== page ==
Considering that Tuesday evening’s gathering of politicos was held at the fabled Palm restaurant in downtown Denver, you’d naturally expect a large contingent of movers and shakers moseying around the clubby steak house. But Mike Stratton and Jim Carpenter, hosts of this pre-State of the Union shindig, proved that politics is truly about the parties. This one, for sure, will go down as one of the best.
The occasion was the opening of a new consulting firm by Stratton — himself a longtime respected strategist who has overseen numerous political campaigns over the years — and Carpenter, most recently chief of staff for former Gov. Bill Ritter and before that manager of Ken Salazar’s successful 2004 Senate campaign, but whose political cred dates back to the days of Sen. Tim Wirth. Stratton and Carpenter have hyphenated their names and the twosome are now Stratton-Carpenter & Associates. Tuesday night was kind of like their official grand coming out party.
And everyone was there. Like about 200 bipartisan well wishers from all sectors of the political arena spanning the last 30 or 40 so years.
Since Stratton and Carpenter’s names have appeared in our paper in bold face numerous times over the years, we assume that they’ve become used to political Gossip and won’t mind if we share a few items gleaned from their soiree.
As we sauntered into the party, we immediately ran into Ginnie Kontnik, formerly of Sen. Ben Nighthorse Campbell’s office and currently with the Rocky Mountain Lions Eye Institute at the University of Colorado-Denver. The generally loquacious Ginnie didn’t have too much time to chat — she was en route to her own engagement party. (Local attorney Scott Eldredge is her lucky beau). But Ginnie managed to let loose that she’s dived back into politics full steam and is hosting a fundraiser for Denver mayoral candidate Chris Romer at her home on Saturday night.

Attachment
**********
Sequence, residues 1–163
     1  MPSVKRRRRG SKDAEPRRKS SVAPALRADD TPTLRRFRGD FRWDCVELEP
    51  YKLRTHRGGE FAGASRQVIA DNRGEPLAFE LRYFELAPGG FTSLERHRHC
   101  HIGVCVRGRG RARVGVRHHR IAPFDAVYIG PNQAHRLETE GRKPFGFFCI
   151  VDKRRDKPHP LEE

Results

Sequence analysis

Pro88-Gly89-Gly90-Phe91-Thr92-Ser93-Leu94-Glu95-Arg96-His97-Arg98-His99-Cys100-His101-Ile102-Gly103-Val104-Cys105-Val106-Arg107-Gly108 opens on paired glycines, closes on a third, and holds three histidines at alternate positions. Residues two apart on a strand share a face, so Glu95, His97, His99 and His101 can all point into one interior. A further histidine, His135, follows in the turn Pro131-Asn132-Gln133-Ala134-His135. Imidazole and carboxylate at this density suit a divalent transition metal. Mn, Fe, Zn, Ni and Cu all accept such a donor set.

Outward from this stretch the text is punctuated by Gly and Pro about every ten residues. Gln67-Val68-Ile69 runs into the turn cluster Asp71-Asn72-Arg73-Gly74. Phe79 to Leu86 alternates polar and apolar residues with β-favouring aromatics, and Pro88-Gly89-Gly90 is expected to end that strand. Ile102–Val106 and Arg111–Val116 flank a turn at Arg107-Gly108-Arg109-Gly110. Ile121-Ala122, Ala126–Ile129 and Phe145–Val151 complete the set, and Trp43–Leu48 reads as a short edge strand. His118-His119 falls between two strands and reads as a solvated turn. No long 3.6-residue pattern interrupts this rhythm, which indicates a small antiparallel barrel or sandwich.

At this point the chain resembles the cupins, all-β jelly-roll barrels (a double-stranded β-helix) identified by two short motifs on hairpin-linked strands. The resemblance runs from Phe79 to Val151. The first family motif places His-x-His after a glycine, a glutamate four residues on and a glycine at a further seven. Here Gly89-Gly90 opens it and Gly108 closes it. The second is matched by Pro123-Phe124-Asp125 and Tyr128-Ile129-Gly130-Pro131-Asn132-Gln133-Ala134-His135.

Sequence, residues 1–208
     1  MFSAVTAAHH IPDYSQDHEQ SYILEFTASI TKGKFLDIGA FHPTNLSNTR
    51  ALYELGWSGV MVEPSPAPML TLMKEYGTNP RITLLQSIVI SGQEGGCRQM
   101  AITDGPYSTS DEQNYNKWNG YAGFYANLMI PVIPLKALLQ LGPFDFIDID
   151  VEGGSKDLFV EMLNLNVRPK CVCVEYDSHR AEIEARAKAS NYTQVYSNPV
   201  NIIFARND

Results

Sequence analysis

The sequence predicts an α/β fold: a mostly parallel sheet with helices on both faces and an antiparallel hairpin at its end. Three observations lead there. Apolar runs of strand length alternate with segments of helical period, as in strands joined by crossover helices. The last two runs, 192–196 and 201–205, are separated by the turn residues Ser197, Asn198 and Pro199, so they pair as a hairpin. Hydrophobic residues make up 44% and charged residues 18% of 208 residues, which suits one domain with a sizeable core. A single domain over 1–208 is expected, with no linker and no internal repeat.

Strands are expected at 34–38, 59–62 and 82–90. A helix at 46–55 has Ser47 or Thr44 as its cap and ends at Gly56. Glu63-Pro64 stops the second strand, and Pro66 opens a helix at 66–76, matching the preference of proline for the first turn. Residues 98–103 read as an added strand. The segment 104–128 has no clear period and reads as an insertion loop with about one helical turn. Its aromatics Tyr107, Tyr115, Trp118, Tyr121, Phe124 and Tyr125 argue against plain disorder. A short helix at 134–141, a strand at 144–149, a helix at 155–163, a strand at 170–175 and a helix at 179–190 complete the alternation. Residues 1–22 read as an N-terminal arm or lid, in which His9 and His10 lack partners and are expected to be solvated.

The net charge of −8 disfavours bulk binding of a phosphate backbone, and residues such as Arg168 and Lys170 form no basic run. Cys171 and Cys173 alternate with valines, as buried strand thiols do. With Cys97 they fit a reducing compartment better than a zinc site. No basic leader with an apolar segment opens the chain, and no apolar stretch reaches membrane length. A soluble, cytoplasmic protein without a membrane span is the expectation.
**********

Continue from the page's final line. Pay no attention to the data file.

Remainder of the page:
Republican State Chairman Dick Wadhams, who tangled with Stratton when they each managed the campaigns of Wayne Allard and Tom Strickland, respectively, was singled out when Stratton made a few introductions. The two may have been on opposite sides of the political fence but share a mutual respect for each other. Dick was in an especially chipper mood, exhibiting his trademark impish smile for all to see. We think it may have had something to do with the fact that he had coffee this week with former state Sen. Tom Wiens, rumored to be a challenger to Wadhams when the state party elections roll around in March. But Wadhams, who a few weeks ago let it slip on these pages that he has an inch thick dossier on Wiens, reported that the Douglas County Republican will not be running for state chairman afterall. Wadhams said he met with Wiens for coffee this week and it was all very civil.
Among those who shared in the revelry Tuesday evening were Polly Baca, engaged in her own campaign for state chair on the Democratic side, newly confirmed Hickenlooper cabinet member Ellen Golombek, Alan Salazar, Cole Finegan, former Reps. Alice Madden and Buffie McFadyen, Evan Dreyer, lobbyist Bill Artist, GOP bizman Larry Mizel, Rick Reiter and Joan Braden, Greg Kolomitz, Steve Katich, Barry Hirschfeld and a zillion others.